I thought it would be great to post this entertaining tribute to Clint that was filmed in Los Angeles, California on Sunday September 28th 1986, and aired on Sunday November 30th 1986. At the time Clint was serving as mayor of Carmel-by-the-Sea and finished his latest movie Heartbreak Ridge. Looking back over it just this morning, it’s a wonderful reminder of Hollywood’s golden era. So many great stars and directors are featured, Jimmy Stewart, Charles Bronson, Bob Hope, Lucille Ball, Sammy Davis Jr and Don Siegel  - all of whom are sadly no longer with us. More poignantly, the show marked the final public appearance by Cary Grant (who read out a personal message to Clint from President Reagan). The special aired one day after Grant’s death. CBS paid tribute to Mr. Grant with the following statement after the closing credits: "The All-Star Party for Clint Eastwood was taped on September 28, 1986 in Los Angeles. We at CBS extend our deepest sympathy to the family, friends, and fans or Mr. Cary Grant...actor, humanitarian. His contributions to the performing arts is everlasting."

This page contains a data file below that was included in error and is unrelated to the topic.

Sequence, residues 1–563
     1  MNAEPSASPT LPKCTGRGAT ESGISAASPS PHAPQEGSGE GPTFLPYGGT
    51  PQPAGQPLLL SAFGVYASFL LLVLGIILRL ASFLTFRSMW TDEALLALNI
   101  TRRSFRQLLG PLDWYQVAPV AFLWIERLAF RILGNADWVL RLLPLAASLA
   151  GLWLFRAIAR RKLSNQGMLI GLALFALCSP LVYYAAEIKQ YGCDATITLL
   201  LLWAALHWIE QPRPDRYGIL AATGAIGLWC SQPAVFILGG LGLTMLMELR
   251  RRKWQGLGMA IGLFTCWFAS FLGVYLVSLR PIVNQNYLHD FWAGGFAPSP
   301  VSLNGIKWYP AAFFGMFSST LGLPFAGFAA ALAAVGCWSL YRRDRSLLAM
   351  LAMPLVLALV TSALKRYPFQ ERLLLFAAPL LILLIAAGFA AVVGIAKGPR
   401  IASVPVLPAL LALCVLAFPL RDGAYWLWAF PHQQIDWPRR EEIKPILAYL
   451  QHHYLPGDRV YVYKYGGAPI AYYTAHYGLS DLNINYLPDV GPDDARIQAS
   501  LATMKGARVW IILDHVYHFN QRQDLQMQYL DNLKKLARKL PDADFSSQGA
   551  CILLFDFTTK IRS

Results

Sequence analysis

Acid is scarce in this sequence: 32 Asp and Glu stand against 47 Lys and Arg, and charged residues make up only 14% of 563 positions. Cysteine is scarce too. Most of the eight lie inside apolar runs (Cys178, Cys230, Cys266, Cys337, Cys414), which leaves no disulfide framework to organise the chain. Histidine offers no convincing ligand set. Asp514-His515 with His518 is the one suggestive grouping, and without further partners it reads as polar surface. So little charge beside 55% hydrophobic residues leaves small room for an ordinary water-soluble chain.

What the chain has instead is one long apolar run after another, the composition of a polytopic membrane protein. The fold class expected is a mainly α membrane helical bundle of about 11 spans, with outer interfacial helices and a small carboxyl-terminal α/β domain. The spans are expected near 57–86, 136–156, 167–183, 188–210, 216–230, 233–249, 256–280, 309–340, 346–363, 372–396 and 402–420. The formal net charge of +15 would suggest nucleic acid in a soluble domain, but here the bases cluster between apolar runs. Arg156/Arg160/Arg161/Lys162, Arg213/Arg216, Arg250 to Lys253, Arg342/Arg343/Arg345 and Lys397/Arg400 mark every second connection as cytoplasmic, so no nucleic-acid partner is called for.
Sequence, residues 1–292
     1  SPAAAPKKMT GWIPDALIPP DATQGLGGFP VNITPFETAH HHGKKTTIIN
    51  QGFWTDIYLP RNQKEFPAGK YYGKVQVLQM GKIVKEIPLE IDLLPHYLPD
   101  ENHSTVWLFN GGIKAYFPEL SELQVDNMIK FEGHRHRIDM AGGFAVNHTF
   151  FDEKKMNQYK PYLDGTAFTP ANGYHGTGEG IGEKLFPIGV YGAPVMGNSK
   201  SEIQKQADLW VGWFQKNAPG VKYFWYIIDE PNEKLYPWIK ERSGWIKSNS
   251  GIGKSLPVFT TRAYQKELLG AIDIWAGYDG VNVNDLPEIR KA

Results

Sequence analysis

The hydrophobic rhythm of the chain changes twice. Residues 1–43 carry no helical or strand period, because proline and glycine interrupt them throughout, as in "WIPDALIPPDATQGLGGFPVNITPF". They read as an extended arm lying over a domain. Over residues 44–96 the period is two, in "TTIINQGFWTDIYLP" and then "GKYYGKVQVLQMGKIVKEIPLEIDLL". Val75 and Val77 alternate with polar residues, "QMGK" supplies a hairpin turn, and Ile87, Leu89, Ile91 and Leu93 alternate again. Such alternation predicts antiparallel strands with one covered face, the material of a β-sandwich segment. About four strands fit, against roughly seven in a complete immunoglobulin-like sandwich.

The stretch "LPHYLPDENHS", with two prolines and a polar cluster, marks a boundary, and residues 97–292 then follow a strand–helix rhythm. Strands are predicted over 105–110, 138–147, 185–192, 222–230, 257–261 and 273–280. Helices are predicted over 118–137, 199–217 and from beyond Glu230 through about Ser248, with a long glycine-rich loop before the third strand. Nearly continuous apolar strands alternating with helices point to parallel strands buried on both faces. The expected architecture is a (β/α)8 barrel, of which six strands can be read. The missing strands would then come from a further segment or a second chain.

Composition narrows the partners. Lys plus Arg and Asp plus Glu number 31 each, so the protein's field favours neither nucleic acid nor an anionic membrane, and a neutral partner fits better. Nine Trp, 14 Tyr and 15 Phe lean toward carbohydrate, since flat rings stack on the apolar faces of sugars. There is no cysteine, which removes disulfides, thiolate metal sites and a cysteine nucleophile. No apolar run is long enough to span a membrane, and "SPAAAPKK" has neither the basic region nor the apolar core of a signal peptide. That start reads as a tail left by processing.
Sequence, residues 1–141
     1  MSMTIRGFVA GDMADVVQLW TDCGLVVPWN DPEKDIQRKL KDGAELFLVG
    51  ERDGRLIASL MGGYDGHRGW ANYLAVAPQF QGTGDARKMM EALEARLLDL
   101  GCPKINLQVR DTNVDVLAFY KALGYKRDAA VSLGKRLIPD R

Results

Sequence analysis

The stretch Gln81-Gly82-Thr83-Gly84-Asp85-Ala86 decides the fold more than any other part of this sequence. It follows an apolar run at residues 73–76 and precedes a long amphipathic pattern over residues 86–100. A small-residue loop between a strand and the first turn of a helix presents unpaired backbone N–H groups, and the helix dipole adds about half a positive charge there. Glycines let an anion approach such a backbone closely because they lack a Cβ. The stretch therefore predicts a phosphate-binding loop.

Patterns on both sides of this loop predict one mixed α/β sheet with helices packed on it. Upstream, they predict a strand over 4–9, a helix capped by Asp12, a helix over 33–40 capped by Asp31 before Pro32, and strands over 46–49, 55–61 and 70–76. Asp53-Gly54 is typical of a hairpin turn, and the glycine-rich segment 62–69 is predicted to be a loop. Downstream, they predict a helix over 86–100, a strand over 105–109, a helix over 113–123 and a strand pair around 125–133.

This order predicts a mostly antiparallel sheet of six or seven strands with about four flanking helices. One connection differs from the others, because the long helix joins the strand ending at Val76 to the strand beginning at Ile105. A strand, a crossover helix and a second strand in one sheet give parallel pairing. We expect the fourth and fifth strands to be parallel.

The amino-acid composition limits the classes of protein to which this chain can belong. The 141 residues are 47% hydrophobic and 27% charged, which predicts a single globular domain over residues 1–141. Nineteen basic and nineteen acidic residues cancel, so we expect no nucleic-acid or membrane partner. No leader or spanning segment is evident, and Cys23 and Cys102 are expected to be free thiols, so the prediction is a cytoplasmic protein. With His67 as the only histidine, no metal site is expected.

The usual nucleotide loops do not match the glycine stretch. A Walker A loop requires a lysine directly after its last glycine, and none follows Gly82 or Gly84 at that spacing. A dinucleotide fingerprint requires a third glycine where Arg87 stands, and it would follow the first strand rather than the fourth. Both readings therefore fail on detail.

Below: An original Press still of Clint and Bob Hope at the All-Star Party (thanks to Davy Triumph)

The show was broadcast in a one hour time slot and was written by Paul Keyes (as Paul W. Keyes) and directed by Dick McDonough. Here is a rare recording of the show, minus most advert breaks. It does start a little shaky (the original source appears to be Video cassette) but it does settle down quite nicely. Look out too for Don Rickles (Crap game, Kelly’s Heroes) roasting of Clint, it’s a very funny moment that seems to hold up a little better than Bob Hope’s monologue. My grateful thanks to Violet Pearl for preserving this show and uploading it for all to enjoy. 


Clint meets the King of Sweden - April 14th 1976

Thank you to my good friend and regular contributor Davy Triumph for supplying this great rare photo dated April 14th 1976. Clint was among a group of stars who were invited to meet the King of Sweden, his majesty Carl XVI Gustaf. It’s nice to finally have a great image to accompany this story which I had from The Santa Cruz Sentinel and appeared in the issue dated April 15th 1976 – Looking at the jacket and tie, Clint appears to be wearing his Dirty Harry outfit from The Enforcer - It’s an interesting moment in time – Thank you again Davy.